Kashmir is not just a place but an emotion that every person wants to experience. The natural beauty of this gorgeous paradise has been defined by several poets, authors and philosophers. The beauty of Kashmir Valley is beyond description but yet
many great poets tried to quote beauty of Kashmir in words. With the gushing rivers, shiny waterfalls, picturesque surroundings and the lush green forest, it has always appealed tourists despite disturbances in Kashmir. Both geographically and climatically captivating, the scenic splendour of Kashmir attracts tourists not only from India but from all over the world.
It is just not the beautiful lush green landscapes of Kashmir which attracts tourists, the rich cuisine of Kashmir is also a crown which is hard to neglect. Food is an integral part of Kashmiri culture and has attracted food lovers from across the globe. The valley of rich cuisine as it is called, people of Kashmir have always taken pride in their ability to conjure royal feasts out of simple ingredients. From royal feasts of wazwan to routine dishes cooked in every home. The Kashmiris have mastered and maintained the knack of adding a distinct flavour to their food. Talking about Kashmiri kitchen ingredients or spices, the popular saffron flashes our mind, but there is more to it than just saffron spices which are simple, yet unheard that uniquely together in perfect harmony impart that unique Kashmiri flavour which just cannot be put into words. Due to Kashmiris geographical locations and being ruled by various dynasties such as the Mughals, the Afghans, the Britishers the cuisine of this princely state is highly influenced by them. The cuisine is dominated by non-vegetarian food, there is also an abundance of vegetarian dishes. As winters in Kashmir are quite harsh and temperature dips to sub-zero which is not conducive for local produce. This dearth of vegetables is overcome by locals by using dried vegetables and leafy greens which are dried during summer and stored for winters.
Most sought after commodities during winters are the dried frozen vegetables. The locals buy fresh produce (meat to be dried) during peak summer and early autumn, to gear up for freezing winters. Many of the vegetables, which once dried can be stored for months together and are sometimes paired with lotus stem, lamb, chicken, wild duck and pulses, and turnout to be real food lovers delight. Having medicinal properties, the consumption of such food also generates heat. Some of the “Hokh-Syun” delicacies enjoyed during winters are Al’e – Hatche, these are long strips or roundels of bottle-gourds which are peeled, sliced, made into garlands, and sun dried. The vegetable is generally paired with dried egg plants or tomatoes, lamb or fava beans.
Waangan Hatche is thin and long variety of aubergines is used to make waangan hatche. Each aubergines is sliced length wise into four sections in such fashion so as to ensure that the green calyx holds the slices together usually cooked with tamarind based gravy and are paired with moong dal. Bummtsoonth is Kashmiri word for unique, the pear-shaped fruit, native to the valley, it is cooked in its fresh as well as dried forms. During winters, sun dried cubes of quince are combined with aubergines or mutton.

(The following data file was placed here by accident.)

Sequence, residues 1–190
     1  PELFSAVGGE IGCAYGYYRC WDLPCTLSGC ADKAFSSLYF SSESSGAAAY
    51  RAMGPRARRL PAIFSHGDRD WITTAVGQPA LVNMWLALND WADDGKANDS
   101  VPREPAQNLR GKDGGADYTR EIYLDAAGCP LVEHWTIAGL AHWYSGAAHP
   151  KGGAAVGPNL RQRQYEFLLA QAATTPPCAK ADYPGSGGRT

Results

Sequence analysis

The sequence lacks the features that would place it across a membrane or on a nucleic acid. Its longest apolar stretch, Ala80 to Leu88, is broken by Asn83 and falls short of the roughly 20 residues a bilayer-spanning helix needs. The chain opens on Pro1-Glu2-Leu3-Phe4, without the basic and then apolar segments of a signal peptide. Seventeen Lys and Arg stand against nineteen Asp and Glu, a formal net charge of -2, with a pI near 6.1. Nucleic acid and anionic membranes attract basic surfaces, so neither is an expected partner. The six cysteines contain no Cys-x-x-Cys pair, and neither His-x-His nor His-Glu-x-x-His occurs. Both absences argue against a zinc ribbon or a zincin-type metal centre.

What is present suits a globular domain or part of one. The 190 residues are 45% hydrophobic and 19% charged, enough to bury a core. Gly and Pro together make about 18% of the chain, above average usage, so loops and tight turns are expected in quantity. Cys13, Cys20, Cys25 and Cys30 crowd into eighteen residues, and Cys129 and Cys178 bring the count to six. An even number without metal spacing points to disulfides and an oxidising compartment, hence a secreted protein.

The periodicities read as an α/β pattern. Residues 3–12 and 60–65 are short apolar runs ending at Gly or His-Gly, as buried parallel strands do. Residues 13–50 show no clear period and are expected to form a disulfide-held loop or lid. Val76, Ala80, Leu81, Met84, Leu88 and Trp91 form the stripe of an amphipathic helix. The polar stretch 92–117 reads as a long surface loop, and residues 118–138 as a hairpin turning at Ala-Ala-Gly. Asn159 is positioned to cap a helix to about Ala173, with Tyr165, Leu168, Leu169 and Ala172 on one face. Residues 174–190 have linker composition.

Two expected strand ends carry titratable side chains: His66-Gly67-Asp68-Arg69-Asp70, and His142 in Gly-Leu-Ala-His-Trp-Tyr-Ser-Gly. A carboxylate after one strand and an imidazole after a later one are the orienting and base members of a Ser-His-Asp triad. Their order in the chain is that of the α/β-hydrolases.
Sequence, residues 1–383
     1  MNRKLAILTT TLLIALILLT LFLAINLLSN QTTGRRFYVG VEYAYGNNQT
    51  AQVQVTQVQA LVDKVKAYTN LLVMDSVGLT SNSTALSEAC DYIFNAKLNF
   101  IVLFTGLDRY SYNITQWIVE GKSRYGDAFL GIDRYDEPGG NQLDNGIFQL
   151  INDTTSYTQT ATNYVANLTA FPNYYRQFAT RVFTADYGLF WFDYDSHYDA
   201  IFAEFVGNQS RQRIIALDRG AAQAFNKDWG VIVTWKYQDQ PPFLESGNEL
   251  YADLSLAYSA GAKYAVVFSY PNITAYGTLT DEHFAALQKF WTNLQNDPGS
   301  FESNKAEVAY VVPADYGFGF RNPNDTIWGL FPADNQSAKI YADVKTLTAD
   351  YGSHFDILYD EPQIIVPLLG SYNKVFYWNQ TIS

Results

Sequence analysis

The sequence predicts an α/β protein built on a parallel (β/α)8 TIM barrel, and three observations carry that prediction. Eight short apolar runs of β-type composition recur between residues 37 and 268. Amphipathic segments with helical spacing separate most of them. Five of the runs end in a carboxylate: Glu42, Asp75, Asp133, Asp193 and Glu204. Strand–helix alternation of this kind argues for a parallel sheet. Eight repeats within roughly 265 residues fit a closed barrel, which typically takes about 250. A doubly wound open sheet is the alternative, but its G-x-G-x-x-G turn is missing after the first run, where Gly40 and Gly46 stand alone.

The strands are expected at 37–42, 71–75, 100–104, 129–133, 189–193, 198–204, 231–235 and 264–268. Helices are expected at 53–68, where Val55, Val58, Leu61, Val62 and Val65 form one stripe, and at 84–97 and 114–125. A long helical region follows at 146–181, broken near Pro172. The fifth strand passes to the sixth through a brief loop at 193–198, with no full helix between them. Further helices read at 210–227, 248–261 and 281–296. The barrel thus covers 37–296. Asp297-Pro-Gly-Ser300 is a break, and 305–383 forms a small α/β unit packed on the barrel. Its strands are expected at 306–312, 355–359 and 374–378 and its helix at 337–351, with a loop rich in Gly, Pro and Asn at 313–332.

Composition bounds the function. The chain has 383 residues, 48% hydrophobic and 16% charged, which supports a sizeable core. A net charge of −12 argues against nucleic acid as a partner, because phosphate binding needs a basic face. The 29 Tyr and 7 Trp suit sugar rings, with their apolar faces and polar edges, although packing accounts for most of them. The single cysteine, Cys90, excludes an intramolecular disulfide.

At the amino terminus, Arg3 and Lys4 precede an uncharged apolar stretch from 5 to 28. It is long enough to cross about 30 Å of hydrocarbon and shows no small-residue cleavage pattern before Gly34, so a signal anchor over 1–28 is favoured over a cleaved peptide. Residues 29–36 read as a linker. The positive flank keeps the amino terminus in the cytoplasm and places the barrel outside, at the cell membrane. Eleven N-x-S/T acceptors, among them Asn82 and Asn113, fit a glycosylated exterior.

Gogje Aare is black turtle been delicacy is a must have during winters in Kashmir. It is quite nutritious and its heat generating properties makes it one of the most sought-after dishes.
Kangechh is wild, musky flavoured mushroom, with its characteristic honey comb appearance is a fine delicacy. It has antioxidant properties. These morels are tossed gently with wild spices to retain their earthy aroma.
Hoggaade is a very important delicacy and commonly consumed during winter in Kashmir, and refers to dried fish. “Gaade” means fish and “Hock” means dry. Lean fish are gutted, cleaned and hung from strings to dry. They are fried and cooked whole, with spices and dried tomatoes.
Pharre is a smoked fish dish is also one of the very popular winter dishes. This dish is made from gutted fish, which are laid out on dry grass and the grass is set alight to impart a smoky flavour to it. The charred black skin is scraped off before the fish is cooked with tomatoes and local greens.
Guran is fingerling-based fish dish is also quite in demand during the winters and is cooked like any other fish dishes.
Bote-tser Maaz is unique and delectable dish is made from lamb and dried apricots, almonds, saffron, peppercorns and mint enhances special flavour of the dish. The name of the dish comes from bote-tser and maaz, the Kashmiri words for dried apricots & meat respectively.
Shabdeigh is a very flavoured duck/ mutton and turnip stew, mildly flavoured with saffron and almonds cooked in sealed earthenware vessel, simmered overnight over a low flame and savoured the following morning. The name of the dish comes from Urdu words shab, meaning ‘night’ and deigh meaning ‘cooking pot’.
Harissa is a breakfast dish and vastly influenced by central Asia. It requires overnight cooking and is relished by local populace with great gusto. This stew of meat and lentils is gently spiced with fennel, cardamom and other local spices. It is traditionally had with local over-baked flat-breads like naan or kulcha.
Kashmir culture is full of local festivities and picturesque locations complimented with great culinary culture and is a dream trip for any traveller. Kashmir culinary traditions and cooking style has eluded itself from the Indian mainstream. More the people know about these hidden gems of Kashmiri culture, the more it will contribute towards economic development of the union territory of Jammu & Kashmir.
Let’s bask in the Kashmiri flavour of excellence !!!!